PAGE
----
(And no, I'm not seriously worried or freaked out about dingoes, I actually found it kind of funny.  Except for the part about "make eye contact and back away."  Uh, and what should I expect the dingo to do while I back away?  Inquiring minds want to know.)

Saturday, June 29, 2013

Koala Shores – Koala Central – But Not Quite!

29 June 2013

We had a slow morning in Stockton, and decided to explore the peninsula we were on – it’s kind of a long upside-down T shape, with the town of Stockton on the SW end and Nelson Bay on the NE end, about 50 km apart.  Or something along that line.

We made it to Nelson Bay by noon, passing farms with fields of cows, sheep, horses, a llama or two, and occasionally several wallabies munching grass or watching the cars go by.  The wallabies usually weren’t in with the farm animals, they seemed to prefer empty fields and pastures with forest nearby.  But they definitely were out.

We also drove by sign after sign about slow down for koalas, and where to take injured wildlife – all with drawings of koalas.  This truly is koala country, this little peninsula with national parks and eucalyptus forest.  Woohooo and yay, and of course I spent half my time looking up into the trees as we drove along!

Nelson Bay is a nice little town, with marinas full of fishing boats, nice seafood cafés, and some of the largest white pelicans I’ve ever seen!  Truly huge birds!  They were very good about posing for pictures.

We talked to a nice woman at the info center, who suggested staying at Koala Shores Holiday Park (camping and cabins) – there are koalas in the forest here, as well as a trail to the Tilligerry Reserve, a tract of land fenced off to keep the koalas safe.  So we made our way out here, and set up the van.  Which means moving excess luggage and the picnic table and chairs OUT of the “house” part of the van and into the cab for overnight storage, as well as plugging in for electricity.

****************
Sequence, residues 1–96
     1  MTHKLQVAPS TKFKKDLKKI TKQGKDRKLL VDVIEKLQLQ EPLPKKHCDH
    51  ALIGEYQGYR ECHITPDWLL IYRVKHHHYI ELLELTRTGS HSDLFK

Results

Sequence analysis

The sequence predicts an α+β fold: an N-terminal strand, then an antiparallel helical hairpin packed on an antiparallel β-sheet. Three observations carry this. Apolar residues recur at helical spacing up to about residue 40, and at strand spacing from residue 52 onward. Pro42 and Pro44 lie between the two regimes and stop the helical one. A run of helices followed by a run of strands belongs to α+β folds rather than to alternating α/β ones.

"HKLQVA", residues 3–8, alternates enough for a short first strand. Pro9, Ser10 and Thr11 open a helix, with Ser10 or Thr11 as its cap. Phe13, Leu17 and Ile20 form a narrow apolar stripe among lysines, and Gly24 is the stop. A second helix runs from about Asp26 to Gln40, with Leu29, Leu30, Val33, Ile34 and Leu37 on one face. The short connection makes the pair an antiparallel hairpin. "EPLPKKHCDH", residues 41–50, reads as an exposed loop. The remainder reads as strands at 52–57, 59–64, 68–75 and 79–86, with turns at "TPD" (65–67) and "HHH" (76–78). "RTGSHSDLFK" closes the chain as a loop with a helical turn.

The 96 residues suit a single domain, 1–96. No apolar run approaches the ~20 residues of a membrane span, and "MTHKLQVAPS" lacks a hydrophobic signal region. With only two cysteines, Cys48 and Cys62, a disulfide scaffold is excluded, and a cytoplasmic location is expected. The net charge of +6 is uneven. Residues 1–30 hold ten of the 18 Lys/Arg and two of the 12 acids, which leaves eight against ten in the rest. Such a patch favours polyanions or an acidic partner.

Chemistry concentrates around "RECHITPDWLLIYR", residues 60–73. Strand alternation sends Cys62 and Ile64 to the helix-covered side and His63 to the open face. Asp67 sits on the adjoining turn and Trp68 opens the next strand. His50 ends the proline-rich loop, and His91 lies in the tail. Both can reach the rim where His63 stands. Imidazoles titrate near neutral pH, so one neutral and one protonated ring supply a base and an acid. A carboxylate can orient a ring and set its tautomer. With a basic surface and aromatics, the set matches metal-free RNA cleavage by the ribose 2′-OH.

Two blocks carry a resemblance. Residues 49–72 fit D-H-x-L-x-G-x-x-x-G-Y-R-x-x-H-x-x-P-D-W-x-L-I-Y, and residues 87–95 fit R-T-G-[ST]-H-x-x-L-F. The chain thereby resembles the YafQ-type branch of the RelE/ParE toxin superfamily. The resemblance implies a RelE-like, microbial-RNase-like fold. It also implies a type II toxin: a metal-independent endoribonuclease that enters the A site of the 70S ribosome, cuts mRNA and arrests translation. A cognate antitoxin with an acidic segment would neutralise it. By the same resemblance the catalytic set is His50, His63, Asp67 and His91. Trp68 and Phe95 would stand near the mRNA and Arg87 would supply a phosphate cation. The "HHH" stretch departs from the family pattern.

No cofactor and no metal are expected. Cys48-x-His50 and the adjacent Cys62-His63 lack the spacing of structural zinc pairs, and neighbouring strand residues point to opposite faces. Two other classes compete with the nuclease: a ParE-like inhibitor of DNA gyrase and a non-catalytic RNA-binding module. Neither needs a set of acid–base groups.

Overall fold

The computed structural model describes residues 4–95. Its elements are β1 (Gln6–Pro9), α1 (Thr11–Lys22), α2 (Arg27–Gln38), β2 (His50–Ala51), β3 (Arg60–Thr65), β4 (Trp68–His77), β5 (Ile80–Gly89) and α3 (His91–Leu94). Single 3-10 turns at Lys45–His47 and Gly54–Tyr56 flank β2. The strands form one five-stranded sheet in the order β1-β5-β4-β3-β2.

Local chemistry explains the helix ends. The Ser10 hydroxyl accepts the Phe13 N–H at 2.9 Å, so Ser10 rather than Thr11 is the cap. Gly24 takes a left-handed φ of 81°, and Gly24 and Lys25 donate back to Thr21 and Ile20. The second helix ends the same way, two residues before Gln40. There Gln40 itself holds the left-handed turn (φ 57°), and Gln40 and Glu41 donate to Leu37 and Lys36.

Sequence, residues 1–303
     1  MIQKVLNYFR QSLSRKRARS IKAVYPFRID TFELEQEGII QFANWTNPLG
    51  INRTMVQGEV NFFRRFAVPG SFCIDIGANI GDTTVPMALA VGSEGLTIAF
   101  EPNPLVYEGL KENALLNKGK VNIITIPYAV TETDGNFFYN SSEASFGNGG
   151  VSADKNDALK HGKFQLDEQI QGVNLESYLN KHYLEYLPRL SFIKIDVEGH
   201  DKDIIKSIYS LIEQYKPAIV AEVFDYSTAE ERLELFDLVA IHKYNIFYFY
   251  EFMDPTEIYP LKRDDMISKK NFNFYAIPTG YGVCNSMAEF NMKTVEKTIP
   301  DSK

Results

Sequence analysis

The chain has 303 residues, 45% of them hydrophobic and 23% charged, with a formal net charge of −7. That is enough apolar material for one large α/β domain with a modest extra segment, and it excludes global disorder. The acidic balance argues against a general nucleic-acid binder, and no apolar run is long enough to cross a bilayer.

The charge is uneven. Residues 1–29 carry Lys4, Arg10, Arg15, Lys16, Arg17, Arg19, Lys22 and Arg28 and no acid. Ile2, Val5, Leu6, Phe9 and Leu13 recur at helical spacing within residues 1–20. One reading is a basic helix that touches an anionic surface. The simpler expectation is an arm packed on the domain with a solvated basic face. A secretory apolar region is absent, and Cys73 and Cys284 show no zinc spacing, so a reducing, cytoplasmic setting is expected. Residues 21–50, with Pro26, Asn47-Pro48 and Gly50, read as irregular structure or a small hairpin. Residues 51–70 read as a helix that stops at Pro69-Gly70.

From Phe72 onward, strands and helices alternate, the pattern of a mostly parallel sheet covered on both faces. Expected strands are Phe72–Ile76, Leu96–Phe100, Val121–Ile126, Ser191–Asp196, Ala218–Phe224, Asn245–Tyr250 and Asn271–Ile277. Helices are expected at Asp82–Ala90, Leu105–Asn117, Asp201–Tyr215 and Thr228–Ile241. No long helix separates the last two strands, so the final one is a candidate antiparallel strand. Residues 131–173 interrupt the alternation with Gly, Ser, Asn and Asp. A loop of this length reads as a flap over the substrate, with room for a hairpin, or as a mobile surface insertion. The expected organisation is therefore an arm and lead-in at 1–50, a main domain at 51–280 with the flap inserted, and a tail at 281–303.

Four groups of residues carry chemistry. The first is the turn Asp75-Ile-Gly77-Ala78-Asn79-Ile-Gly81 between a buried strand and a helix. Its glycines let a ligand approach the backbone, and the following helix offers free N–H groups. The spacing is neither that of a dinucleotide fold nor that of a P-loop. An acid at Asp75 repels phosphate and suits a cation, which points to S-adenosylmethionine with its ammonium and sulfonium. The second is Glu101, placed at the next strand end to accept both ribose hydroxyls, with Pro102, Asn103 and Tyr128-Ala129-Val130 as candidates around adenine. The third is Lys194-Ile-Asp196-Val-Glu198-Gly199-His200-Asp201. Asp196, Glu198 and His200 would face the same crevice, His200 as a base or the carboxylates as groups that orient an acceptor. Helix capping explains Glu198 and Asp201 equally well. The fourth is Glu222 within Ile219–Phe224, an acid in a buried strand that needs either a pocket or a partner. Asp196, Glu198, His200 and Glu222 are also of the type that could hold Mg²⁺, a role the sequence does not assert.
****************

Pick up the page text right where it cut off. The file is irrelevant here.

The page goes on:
And I was off, down to the boardwalk that meanders through the forest, looking for my koala buddies.

Unfortunately, we’re still feeling the tail end of the storm system that hit Sydney last weekend.  There isn’t much wind, but there’s still continuous rain, mostly light to moderate but sometimes heavy.  And chilly.  And grey.  And damp.

So the koalas are all huddling into their nooks and crannies in the trees, trying to stay warm and dry, keeping their babies close and snuggled in.  They aren’t coming down out of the trees the way they normally do in the evening, foraging for better leaves or trees.  They’re just staying put and trying to not get too wet or chilled.